Waukesha parade horror: Darrell Brooks freed on bail twice this year despite active warrant in Nevada
WAUKESHA - Waukesha Christmas parade horror suspect Darrell E. Brooks Jr. made bail twice in Wisconsin this year despite having an active sex crime warrant out of Nevada and claiming to be indigent, court records show.
Two separate judges freed him on low-cost bail, records show. First for $500 in February after allegedly shooting at his nephew the previous summer and again for $1,000 earlier this month after a woman accused him of punching her and running her over with the same SUV that allegedly plowed through Waukesha’s Christmas parade, killing five and injuring 48.
Brooks, who has battery charges and firearms offenses dating back to 1999, was convicted of statutory sexual seduction, a felony, in 2006 after having sex with a 15-year-old girl in Nevada. She became pregnant. He received three years of probation and became a registered sex offender.
Then in 2016, Nevada authorities charged him again with violating the state’s sex crime laws – and he allegedly skipped bail and fled the region. He is still the subject of an active warrant in connection with that case, authorities there said, and they believed him to be in Wisconsin but had no actionable intelligence about his whereabouts.
But despite finding himself in custody in Wisconsin twice after that, he managed to avoid being turned over to Nevada investigators and reobtained his freedom both times before Waukesha police captured him Sunday evening following the deadly parade attack.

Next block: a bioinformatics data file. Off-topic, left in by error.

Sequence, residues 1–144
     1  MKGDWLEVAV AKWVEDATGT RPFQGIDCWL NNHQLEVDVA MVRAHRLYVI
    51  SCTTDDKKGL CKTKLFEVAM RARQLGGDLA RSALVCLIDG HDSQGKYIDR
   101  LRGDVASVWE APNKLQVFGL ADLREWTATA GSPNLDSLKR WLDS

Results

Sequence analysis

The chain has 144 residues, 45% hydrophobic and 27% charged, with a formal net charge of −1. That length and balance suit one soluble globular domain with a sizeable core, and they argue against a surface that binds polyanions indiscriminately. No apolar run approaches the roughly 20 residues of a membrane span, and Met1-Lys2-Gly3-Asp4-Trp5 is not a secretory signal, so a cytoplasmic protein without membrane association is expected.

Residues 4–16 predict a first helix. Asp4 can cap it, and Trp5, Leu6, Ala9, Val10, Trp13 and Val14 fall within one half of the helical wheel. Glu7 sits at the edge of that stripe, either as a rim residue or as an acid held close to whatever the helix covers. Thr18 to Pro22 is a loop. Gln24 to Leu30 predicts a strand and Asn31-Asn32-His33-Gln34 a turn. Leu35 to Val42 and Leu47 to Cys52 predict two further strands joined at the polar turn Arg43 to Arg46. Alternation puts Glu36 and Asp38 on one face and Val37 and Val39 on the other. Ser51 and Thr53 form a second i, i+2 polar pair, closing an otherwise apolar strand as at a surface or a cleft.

Waukesha District Attorney Susan L. Opper told Fox News Digital that while Wisconsin has no option to hold a suspect without bail, she planned to ask the court to set his so high in connection with the Christmas massacre that he’d have no chance of paying. it.
Darrell Brooks (Photo by Jim Vondruska/Getty Images)
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She said she planned to bring formal homicide charges Tuesday afternoon.
"We don't have 'held without bail' in Wisconsin, but we will expect to be asking for high cash bail, significant cash bail so that for all intents and purposes, they don't have the ability to post it because it's so much money," Opper told Fox News Digital on Monday.
The office of her Milwaukee counterpart, District Attorney John Chisholm, said earlier in the day that it opened an investigation into its own bail recommendation in Brooks’ most recent case and that he should not have been allowed to go free on just $1,000 earlier this month. But his office recommended the sum and the court set it as such, records show.
"The state’s bail recommendation in this case was inappropriately low in light of the nature of the recent charges and the pending charges against Mr. Brooks," Chisholm’s office said in a statement. "The bail recommendation in this case is not consistent with the approach of the Milwaukee County District Attorney’s Office toward matters involving violent crime."
Chisholm’s office did not immediately respond to follow-up questions about the outstanding warrant.
Neama Rahmani, a former federal prosecutor who is now a Los Angeles-based trial attorney, said "it makes no sense" for the court to have given Brooks such a low bail in November.
"One thousand dollars bail is completely inappropriate for a defendant like Brooks with a significant criminal history of violence, being a danger to the community, and a flight risk," he told Fox News Digital Monday.
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He said that sum is more common in misdemeanor or traffic cases.
"It highlights the problems with reforming our bail system to allow violent defendants to remain free pending trial," he said.
He noted that COVID-19 backlogs may have caused the speedy trial issue in February which prompted Judge David Feiss to lower Brooks’ bail from $7,500 to just $500 in that case.
The Sunday chaos sent dozens of people to local hospitals, authorities said, including 18 children.
Five adults died. They were Virginia Sorenson, 79, LeAnna Owen, 71, Tamara Durand, 52, Jane Kulich, 52, and Wilhelm Hospel, 81.